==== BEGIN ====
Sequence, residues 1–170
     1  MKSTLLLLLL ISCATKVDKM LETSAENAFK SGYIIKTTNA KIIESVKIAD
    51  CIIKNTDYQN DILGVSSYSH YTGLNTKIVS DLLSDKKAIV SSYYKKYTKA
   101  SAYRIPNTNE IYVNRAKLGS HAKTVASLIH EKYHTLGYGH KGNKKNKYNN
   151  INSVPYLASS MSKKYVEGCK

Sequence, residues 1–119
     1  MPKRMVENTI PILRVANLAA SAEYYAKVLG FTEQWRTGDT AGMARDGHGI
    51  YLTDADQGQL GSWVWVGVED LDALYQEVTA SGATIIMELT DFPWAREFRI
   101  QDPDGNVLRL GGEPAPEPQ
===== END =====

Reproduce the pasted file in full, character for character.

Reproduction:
Sequence, residues 1–170
     1  MKSTLLLLLL ISCATKVDKM LETSAENAFK SGYIIKTTNA KIIESVKIAD
    51  CIIKNTDYQN DILGVSSYSH YTGLNTKIVS DLLSDKKAIV SSYYKKYTKA
   101  SAYRIPNTNE IYVNRAKLGS HAKTVASLIH EKYHTLGYGH KGNKKNKYNN
   151  INSVPYLASS MSKKYVEGCK

Sequence, residues 1–119
     1  MPKRMVENTI PILRVANLAA SAEYYAKVLG FTEQWRTGDT AGMARDGHGI
    51  YLTDADQGQL GSWVWVGVED LDALYQEVTA SGATIIMELT DFPWAREFRI
   101  QDPDGNVLRL GGEPAPEPQ